Every action on a roadway such as this has to have a durned engineer's study before you can do diddly-squat! I doubt that the city of Advance has the money to pay off the lawsuits that can result from an action like that!

-- Posted by goat lady on Thu, Apr 28, 2011, at 10:00 AM

Sure enough, I checked on the legalities of cutting a street like that. MoDot says that if the city were to cut the street, it could flood the MFA plant and all the way over to Town & Country Supermarket. The city would be responsible for damages. I figured it.

Also--there are all kinds of fiber optics under the road at that location.

-- Posted by goat lady on Thu, Apr 28, 2011, at 12:28 PM

Will be curious to see the lawsuits that come from the people in town with water in their houses because nothing was done to prevent this from happening again.

-- Posted by farmwife2 on Thu, Apr 28, 2011, at 1:41 PM

I don't think it's very easy to sue the state.

-- Posted by goat lady on Thu, Apr 28, 2011, at 6:33 PM

Flooding is a very messy business, but it does bring attention to small towns that they otherwise would not get. I was watching SkyNews out of London a couple days ago and they mentioned the flooding in Poplar Bluff.

-- Posted by FJGuy on Thu, Apr 28, 2011, at 7:34 PM

Ok I have a question. I got a text alert saying hwy 60 was closed from Morehouse to Dexter but local traffic is allowed. We live in Circle City. My husband drove up to hwy 60 and met a trooper and he told him that if he caught him on hwy 60 again he will give him a ticket, and was really hateful about it. So I called the Highway Patrol and told them about the situation and they basically said Daily Statesman is wrong and nobody can go down hwy 60. So I guess everybody on the north side of 60 can't go anywhere because all the other roads are flooded. I was just wondering who got that information about the local people being able to use the highway to get back and forth to Dexter. This is just wrong because there is no water over the road from N highway to Dexter. We can't even cross the highway to get to 114 and go to Dexter!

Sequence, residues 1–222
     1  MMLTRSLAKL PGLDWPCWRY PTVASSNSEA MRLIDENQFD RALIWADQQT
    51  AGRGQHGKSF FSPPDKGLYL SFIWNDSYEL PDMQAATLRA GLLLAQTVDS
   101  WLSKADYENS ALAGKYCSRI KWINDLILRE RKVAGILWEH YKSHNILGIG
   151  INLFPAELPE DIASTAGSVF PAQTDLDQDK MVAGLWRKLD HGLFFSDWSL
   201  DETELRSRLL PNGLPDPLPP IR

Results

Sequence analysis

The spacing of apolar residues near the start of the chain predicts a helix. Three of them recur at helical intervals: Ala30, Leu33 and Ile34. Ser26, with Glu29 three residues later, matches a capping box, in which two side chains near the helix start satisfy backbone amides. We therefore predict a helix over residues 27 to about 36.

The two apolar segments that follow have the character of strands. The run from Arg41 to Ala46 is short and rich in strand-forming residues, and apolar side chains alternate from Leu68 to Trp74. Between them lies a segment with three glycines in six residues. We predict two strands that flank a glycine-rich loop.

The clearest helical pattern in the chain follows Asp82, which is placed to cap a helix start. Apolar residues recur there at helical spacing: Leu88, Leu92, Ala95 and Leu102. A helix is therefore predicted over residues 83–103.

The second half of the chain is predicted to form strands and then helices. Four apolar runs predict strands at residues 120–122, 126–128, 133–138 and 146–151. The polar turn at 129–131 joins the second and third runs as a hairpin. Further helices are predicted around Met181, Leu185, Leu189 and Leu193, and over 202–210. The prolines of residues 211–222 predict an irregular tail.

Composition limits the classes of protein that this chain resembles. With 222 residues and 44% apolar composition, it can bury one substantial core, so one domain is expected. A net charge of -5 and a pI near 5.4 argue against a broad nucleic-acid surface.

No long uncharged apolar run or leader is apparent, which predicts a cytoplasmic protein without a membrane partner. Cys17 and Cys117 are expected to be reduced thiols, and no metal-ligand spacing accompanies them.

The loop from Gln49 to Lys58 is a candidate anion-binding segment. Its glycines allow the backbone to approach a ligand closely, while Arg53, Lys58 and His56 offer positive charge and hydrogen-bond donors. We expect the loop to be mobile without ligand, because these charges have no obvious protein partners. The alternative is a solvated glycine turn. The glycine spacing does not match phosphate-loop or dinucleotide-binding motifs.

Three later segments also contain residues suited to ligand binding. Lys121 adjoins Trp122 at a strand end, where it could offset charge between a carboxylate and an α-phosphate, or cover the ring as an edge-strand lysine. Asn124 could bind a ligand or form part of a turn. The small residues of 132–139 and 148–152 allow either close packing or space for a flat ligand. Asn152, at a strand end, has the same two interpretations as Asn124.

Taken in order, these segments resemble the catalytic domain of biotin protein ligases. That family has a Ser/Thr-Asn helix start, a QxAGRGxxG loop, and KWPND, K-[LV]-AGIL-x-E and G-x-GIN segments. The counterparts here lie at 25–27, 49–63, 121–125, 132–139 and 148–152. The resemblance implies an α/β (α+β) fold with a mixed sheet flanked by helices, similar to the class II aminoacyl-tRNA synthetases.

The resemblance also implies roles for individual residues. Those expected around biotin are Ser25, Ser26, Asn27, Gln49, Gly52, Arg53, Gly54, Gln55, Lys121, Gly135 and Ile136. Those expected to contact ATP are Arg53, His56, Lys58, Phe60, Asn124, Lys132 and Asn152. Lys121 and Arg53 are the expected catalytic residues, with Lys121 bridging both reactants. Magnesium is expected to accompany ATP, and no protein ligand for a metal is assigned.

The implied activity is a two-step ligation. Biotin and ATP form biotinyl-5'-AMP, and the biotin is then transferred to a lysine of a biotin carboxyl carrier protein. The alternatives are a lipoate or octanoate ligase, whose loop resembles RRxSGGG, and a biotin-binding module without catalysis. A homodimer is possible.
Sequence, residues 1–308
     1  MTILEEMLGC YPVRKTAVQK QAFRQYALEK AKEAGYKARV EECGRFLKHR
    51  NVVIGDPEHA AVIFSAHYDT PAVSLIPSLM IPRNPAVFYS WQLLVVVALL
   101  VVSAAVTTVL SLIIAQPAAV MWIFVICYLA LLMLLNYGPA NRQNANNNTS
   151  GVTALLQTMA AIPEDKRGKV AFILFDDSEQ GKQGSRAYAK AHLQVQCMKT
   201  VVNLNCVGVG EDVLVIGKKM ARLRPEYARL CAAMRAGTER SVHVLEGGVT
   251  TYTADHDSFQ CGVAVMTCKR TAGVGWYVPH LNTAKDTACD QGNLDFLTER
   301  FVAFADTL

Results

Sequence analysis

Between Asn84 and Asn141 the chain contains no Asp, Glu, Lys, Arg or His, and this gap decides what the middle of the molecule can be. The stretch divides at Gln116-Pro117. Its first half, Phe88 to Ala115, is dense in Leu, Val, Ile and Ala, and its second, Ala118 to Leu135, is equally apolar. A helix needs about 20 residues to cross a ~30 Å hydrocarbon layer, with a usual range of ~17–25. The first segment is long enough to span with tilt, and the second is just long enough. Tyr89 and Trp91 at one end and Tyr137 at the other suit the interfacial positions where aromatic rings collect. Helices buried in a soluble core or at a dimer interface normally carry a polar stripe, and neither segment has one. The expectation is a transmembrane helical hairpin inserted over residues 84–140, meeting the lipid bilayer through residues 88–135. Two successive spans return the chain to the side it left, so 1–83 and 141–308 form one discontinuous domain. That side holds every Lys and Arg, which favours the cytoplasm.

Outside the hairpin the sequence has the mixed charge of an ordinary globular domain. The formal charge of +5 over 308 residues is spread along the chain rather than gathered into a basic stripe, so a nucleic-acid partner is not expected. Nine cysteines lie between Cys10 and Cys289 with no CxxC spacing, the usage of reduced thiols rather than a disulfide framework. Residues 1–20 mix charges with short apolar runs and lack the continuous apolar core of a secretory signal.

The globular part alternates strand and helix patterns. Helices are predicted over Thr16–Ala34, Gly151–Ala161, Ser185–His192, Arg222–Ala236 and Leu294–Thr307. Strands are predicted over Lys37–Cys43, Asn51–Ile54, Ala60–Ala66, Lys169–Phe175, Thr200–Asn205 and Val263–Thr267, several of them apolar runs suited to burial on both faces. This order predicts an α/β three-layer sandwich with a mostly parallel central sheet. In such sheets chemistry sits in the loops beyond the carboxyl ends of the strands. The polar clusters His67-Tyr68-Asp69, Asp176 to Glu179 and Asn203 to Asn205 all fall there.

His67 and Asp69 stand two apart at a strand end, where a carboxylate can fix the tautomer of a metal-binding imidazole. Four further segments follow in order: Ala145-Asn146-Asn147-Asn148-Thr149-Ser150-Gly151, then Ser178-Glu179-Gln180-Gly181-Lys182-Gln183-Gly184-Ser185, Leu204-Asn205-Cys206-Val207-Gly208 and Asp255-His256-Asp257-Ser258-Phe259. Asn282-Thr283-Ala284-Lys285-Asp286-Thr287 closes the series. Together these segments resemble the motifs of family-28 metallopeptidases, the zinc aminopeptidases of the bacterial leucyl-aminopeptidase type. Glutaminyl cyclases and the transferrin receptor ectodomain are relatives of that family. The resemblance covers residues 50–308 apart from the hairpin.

-- Posted by Jessica613 on Thu, Apr 28, 2011, at 7:45 PM

That's strange, Jessica. Hwy 60 was reopened at 5 a.m. yesterday, I think.

I went from Dexter to Sikeston yesterday, and I could hardly believe my eyes! Morehouse is completely flooded! Every building in town is full of water! Those people are so poor--What are they going to do??

-- Posted by goat lady on Sat, Apr 30, 2011, at 5:56 AM

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Madeline DeJournett
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Madeline (Giles) DeJournett is the Advance writer for the North Stoddard Countian. A retired high school English/history teacher, she spent 32 years teaching in 5 schools in Missouri and Alaska. These days, she lives quietly with a menagerie of wild and domestic animals on 52 secluded acres in the remote Tillman hills south of Advance. She graduated from Dexter High School in 1960 and Southeast Missouri State in 1964. She can be contacted at advancensc@sbcglobal.net.